Europe's largest lender HSBC's full-year profit before tax more than doubled in 2021 and the bank announced a $1 billion share buyback amid a continued global economic recovery.
Pretax profit surged to $18.9bn last year, up from $8.8bn in 2020, driven by a net release of expected credit losses and other credit impairment charges, as well as a higher share of profit from the bank's associates, it said on Tuesday.
The results missed the $19.1 billion average estimate of 17 analysts compiled by HSBC itself.
All regions were profitable in 2021, notably HSBC UK, where reported profit before tax increased by $4.5bn to $4.8bn. The lender's Asia operations contributed $12.2bn to reported profit before tax and all other regions reported a material recovery in profitability.
HSBC said it released $900 million it had provisioned for bad loans, compared with an $8.8bn charge it booked against expected losses in 2020.
The bank's board approved a second interim dividend of $0.18 per share, bringing the total for 2021 to $0.25 per share. The lender plans a further share buyback of up to $1bn, after the existing $2bn buyback is concluded.
“We made good progress against our strategy in 2021, which contributed to a strong financial performance that was supported by the global economic recovery,” said group chief executive Noel Quinn.
“All of our regions were profitable and we saw growth in the fourth quarter of 2021 in many of our business lines.”
Fourth-quarter profit before tax increased by $1.3bn to $2.7bn as expenses and bad loan provisions fell while revenue grew. Adjusted profit before tax surged 79 per cent to $4bn.
Adjusted revenue in the fourth quarter rose 2 per cent to $12.1bn. The lender booked expected credit losses of $500 million, which included an increase in allowances to reflect developments in China’s commercial property sector.
“Good progress has been made in executing our strategic plan. A number of key milestones were reached in 2021 — including resolving the future of our retail businesses in France and the US, the organic build-out of HSBC Personal Wealth Planning in mainland China and acquisitions in Singapore and India to accelerate the development of our wealth capabilities across Asia,” said group chairman Mark Tucker.
“At the same time, our work to digitise HSBC and play a leading role in the net zero transition has continued at pace. There is more to do — and it will be important to see successive consecutive quarters of growth — but good momentum exists across our businesses.”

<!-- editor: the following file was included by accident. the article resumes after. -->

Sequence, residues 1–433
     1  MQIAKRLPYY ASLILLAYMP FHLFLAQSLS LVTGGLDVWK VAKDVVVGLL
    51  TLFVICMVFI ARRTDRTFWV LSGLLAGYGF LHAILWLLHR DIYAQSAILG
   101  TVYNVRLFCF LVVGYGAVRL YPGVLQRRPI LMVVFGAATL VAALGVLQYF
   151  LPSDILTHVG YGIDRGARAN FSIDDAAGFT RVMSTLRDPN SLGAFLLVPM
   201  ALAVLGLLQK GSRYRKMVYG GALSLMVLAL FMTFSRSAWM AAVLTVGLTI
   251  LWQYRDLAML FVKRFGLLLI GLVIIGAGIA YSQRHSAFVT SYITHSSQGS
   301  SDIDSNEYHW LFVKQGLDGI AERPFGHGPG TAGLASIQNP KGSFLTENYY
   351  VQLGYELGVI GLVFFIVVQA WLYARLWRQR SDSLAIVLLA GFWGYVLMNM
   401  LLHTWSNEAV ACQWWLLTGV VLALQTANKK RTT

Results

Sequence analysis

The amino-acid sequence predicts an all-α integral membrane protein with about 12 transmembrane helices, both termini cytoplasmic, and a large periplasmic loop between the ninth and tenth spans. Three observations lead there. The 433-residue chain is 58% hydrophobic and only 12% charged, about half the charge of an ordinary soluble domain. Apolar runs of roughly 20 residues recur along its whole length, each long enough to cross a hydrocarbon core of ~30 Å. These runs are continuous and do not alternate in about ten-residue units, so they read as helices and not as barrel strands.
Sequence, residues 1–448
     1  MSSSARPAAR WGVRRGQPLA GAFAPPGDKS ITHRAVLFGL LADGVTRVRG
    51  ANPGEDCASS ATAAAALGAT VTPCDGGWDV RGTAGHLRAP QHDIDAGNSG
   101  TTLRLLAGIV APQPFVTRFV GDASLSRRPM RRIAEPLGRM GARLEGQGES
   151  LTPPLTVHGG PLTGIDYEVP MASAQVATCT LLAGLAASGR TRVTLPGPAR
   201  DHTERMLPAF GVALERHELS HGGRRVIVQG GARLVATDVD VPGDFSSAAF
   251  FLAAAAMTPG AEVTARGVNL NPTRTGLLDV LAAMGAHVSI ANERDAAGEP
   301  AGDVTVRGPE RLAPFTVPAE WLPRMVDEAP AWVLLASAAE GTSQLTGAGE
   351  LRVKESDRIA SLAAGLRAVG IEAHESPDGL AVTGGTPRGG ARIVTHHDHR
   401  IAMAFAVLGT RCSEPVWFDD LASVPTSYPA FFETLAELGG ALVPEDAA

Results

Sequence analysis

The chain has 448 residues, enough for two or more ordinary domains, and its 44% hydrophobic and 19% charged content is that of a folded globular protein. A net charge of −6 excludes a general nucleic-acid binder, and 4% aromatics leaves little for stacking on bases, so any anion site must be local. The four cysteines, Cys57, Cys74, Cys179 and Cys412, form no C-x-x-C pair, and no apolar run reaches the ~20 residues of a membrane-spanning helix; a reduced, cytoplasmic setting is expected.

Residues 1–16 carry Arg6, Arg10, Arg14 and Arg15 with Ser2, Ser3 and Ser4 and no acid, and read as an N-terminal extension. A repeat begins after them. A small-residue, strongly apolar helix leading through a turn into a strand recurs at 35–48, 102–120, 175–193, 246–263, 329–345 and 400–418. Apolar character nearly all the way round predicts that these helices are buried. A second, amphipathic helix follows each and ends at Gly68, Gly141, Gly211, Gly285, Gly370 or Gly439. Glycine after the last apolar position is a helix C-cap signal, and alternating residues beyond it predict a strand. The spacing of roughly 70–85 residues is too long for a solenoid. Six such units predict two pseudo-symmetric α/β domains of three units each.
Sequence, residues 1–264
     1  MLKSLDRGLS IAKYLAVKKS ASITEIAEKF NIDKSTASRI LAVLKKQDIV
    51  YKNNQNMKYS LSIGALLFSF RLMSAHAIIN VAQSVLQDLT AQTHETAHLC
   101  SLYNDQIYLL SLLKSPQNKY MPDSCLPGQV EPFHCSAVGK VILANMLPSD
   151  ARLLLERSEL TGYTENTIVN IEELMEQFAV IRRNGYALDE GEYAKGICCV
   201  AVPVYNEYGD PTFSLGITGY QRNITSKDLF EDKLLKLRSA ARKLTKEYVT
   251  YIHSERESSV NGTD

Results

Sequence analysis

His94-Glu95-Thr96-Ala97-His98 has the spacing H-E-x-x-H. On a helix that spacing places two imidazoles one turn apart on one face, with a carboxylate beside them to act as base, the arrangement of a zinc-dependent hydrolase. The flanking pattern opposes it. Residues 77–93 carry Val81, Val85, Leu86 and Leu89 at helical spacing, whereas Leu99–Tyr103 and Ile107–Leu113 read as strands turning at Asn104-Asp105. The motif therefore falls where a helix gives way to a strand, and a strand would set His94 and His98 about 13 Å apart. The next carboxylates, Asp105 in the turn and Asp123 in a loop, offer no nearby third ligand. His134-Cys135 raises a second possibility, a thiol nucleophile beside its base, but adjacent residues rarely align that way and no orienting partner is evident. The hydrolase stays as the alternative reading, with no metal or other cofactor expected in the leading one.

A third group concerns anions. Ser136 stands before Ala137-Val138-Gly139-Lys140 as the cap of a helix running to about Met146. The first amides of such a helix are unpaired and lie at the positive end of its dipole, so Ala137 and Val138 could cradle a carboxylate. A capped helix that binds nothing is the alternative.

HSBC aims to cut emissions by 34 per cent from oil and gas clients by 2030. The bank said it is scaling up its investment and financing for renewable and other low-emission sources of electricity.
HSBC, which is increasingly focused on Asia to drive income, said despite lower global interest rates, revenue grew in strategic focus areas, including its wealth management and global trade and receivables finance businesses.
Its reported operating expenses broadly remained unchanged at $34.6bn while adjusted operating expenses dropped 1 per cent to $32.1bn, despite inflationary pressures, as the impact of “cost-saving initiatives and a reduction in the UK bank levy charge absorbed higher performance-related pay and continued growth in technology investment”, the bank said.
Customer lending in 2021 was up $8bn from the previous year on a reported basis and $23bn on a constant currency basis, driven in part by growth in mortgage balances, primarily in the UK and Hong Kong markets.
“We carry good business momentum into 2022 in most areas and expect mid-single-digit lending growth over the year,” the bank said.
However, it expects a weaker wealth business performance in Asia in the first quarter of this year.
HSBC said its expected loan losses charges will normalise towards 30 basis points of average loans in 2022, based on current consensus economic forecasts and default experience.
“Uncertainty remains, given recent developments in China’s commercial real estate sector, while inflationary pressures persist in many of our markets,” it said.
“We continue to target 2022 adjusted operating expenses in line with 2021, despite inflationary pressures, with cost to achieve spend of $3.4bn expected to generate over $2bn of cost savings in 2022.”
A combination of business growth, acquisitions and regulatory changes, will drive business growth this year and the bank's net interest income outlook is now “significantly more positive".
“If policy rates were to follow the current implied market consensus, we would expect to deliver a RoTE [return on tangible equity] of at least 10 per cent for 2023, one year ahead of our previous expectations.”